The requesting woman (II2) was the sister of proband II1 who died at 17 years of age from a typical MELAS syndrome with several stroke-like episodes, frequent headache attacks, and deafness. m.3243A>G was found in leucocytes from the proband (II2), his mother (I1), aunt (I2) and sister II2, who was shown to have a 34% mutant load with no clinical features of MELAS at 29 years of age.
Healthy patient II1, whose younger sister (II3) died from a typical MELAS syndrome, requested a prenatal diagnosis for the m.3243A>G mutation. Their mother (I1) presented with diabetes mellitus and deafness. The mutation was present at a low level in leucocytes from II1 (21%), her mother (10%) and her asymptomatic brother (II2: 5%). Three prenatal diagnoses were carried out during a twin pregnancy (non-identical twins, III1 and III2), and during a new pregnancy a few years later.
CVS was carried out at 10 weeks gestation. Amniocenteses were carried out between 14 and 20 weeks gestation. Apart from blood sampled in each pregnant woman, hair follicles, oral mucosa cells and urinary tract cells were collected from patients I1 (family 3) and II2 (family 4), as the mutation load is usually higher in these cell types than in leucocytes and is closer to the levels found in critical tissues such as muscle.6
Fetal m.3243A>G mutant load quantification
Analyses were carried out on fresh cells. Total DNA was extracted using a classical phenol extraction method. m.3243A>G mutant load was quantified using a polymerase chain reaction (PCR) restriction approach. PCR primers were designed using the software Oligo 6.0. The “forward” primer (A) spanned mtDNA nt3161–nt3178 (5′GCGCCTTCCCCCGTAAAT3′), and the reverse primer (B) spanned nt3421–nt3400. One mismatch (G substituted for A) was incorporated at nucleotide position 3411 within primer B, thus creating an artificial ApaI restriction site as an internal digestion standard. (5′GTTGGGGCCCTTGCGTAGTTG3′). Putative occurrence of a cross hybridisation of oligonucleotide primers to nuclear DNA was ruled out by checking for absence of the PCR amplification using mtDNA-less RhoO cells.7 Total DNA (1.5 ng) was amplified by PCR (97°C/20 s, 60°C/30 s, 68°C/1 min, for 20 cycles). An unlabelled forward primer was used for the first 19 PCR cycles, whereas the labelled forward primer was added before the last PCR cycle, to prevent an underestimation of the mutant load secondary to heteroduplex formation during the PCR step.8 The 258-bp amplification product was submitted to ApaI digestion according to the manufacturer’s instructions. The fluorescent fragments were studied using the Genescan and Genotyper softwares (Applied Biosystems, Applera, France). The mutant load was quantified as detailed in fig 2. Each assay was carried out in triplicate.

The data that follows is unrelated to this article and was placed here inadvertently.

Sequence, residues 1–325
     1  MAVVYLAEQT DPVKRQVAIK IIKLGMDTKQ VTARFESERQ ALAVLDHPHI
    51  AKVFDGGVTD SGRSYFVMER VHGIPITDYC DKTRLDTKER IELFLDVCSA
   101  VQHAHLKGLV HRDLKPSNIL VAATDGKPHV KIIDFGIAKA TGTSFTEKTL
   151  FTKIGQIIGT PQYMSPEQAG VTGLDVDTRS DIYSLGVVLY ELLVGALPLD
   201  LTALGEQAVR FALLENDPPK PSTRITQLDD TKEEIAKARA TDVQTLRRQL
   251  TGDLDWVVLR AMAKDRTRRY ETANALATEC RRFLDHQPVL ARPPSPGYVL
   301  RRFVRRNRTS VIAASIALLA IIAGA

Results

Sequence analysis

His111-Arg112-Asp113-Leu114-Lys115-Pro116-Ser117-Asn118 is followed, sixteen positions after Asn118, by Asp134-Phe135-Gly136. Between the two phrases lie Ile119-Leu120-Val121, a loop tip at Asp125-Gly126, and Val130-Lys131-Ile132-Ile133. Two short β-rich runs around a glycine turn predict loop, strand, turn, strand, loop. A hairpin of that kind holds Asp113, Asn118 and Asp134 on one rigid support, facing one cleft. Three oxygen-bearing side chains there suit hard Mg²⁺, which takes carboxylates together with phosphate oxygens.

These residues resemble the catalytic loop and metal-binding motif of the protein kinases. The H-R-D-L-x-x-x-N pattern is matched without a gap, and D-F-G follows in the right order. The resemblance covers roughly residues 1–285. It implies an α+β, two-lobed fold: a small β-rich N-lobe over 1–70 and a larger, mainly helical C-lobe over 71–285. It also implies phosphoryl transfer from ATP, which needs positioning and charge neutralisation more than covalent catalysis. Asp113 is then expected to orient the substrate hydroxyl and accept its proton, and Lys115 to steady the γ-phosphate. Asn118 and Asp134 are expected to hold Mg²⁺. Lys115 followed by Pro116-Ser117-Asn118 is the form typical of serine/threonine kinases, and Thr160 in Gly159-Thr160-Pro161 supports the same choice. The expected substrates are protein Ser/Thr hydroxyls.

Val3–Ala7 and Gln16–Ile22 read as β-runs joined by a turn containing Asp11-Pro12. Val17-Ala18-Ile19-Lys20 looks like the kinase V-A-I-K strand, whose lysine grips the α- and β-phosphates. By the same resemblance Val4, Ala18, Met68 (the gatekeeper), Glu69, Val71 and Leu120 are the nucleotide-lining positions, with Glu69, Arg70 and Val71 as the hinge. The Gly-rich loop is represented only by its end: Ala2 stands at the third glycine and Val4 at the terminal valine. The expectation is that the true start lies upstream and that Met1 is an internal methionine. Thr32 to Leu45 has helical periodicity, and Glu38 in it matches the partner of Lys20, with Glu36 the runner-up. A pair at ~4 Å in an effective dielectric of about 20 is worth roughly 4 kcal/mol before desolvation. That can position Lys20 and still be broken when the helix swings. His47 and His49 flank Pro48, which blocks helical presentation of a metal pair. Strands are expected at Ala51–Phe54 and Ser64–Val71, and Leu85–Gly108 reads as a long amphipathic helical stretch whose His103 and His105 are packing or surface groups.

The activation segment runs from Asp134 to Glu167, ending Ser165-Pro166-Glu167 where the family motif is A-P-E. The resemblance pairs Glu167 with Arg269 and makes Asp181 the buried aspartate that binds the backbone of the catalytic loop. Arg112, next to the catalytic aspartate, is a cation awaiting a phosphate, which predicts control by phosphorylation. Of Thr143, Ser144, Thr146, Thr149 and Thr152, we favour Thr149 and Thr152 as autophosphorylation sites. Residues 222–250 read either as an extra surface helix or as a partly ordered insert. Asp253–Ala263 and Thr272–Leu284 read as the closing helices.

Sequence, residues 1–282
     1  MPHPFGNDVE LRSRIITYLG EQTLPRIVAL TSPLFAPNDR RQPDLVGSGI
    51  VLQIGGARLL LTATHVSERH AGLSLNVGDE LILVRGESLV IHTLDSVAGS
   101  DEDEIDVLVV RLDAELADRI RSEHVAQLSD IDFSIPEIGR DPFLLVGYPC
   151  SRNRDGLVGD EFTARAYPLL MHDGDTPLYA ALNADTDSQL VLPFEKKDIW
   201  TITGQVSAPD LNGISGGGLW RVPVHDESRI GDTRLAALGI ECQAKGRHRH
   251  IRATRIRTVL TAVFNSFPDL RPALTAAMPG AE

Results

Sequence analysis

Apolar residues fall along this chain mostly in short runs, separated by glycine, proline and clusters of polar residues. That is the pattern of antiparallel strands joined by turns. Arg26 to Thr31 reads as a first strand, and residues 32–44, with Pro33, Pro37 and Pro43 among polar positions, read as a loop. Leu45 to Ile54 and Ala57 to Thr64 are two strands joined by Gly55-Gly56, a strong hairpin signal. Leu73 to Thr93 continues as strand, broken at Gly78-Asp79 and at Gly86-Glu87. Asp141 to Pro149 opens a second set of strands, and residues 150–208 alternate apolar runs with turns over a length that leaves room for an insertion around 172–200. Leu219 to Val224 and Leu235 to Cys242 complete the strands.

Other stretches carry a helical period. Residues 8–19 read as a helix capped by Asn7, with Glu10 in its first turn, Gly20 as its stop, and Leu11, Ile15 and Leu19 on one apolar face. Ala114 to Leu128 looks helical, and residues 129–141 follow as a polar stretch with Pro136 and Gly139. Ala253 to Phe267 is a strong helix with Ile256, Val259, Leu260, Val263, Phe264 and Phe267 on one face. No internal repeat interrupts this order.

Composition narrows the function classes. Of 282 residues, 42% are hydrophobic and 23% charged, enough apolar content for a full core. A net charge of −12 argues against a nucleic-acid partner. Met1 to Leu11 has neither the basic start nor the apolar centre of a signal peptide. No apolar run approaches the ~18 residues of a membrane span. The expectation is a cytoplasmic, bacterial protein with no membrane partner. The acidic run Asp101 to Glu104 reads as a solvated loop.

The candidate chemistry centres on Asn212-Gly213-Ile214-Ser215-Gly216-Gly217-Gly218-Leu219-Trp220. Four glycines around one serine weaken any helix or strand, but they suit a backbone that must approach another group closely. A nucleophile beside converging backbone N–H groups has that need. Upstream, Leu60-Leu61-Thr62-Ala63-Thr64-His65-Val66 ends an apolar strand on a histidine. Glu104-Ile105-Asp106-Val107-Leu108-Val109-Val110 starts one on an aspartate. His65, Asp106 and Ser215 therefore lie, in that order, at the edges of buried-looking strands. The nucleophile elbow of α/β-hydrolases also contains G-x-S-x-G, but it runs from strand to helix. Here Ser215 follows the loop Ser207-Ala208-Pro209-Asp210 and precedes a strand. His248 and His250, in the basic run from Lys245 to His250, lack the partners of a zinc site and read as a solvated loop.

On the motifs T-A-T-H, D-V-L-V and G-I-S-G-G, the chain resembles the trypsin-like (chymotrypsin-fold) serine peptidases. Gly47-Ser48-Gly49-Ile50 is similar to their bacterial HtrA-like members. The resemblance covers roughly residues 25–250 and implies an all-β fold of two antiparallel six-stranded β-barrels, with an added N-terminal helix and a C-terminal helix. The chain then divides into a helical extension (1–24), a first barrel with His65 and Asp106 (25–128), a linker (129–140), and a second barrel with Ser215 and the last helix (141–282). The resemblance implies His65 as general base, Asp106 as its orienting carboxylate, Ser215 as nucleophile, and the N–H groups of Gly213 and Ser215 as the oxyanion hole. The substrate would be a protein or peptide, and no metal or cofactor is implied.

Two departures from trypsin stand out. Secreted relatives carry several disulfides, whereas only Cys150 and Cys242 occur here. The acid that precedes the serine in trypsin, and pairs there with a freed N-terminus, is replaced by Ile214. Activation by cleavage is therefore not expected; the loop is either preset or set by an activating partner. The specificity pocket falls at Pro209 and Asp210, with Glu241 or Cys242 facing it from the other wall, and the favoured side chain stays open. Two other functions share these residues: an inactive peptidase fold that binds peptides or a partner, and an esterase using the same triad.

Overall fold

The m.3243A>G mutation load, initially assessed in white cells from all five pregnant women, was additionally measured when possible in other tissues—for example, hair follicles, oral mucosa and urinary tract cells in two of them (table 1). In individual I1 from family 3, m.3243A>G, shown to be absent from white cells, was detected only in urinary tract cells at a barely detectable level. In individual II2 from family 4, the mutant load was higher in non-blood cells than in white cells, the highest level being in urinary tract cells, in agreement with previous reports.6
Mutation research in the CVS and amniocytes was null and void in each woman, without any detectable m.3243A>G mutation in white cells (families 1, 2 and 3). All three children born after these analyses are healthy at 3 years, 3 months (family 1) and 1 year of age (family 2). Patient I1’s pregnancy (family 3) is still ongoing.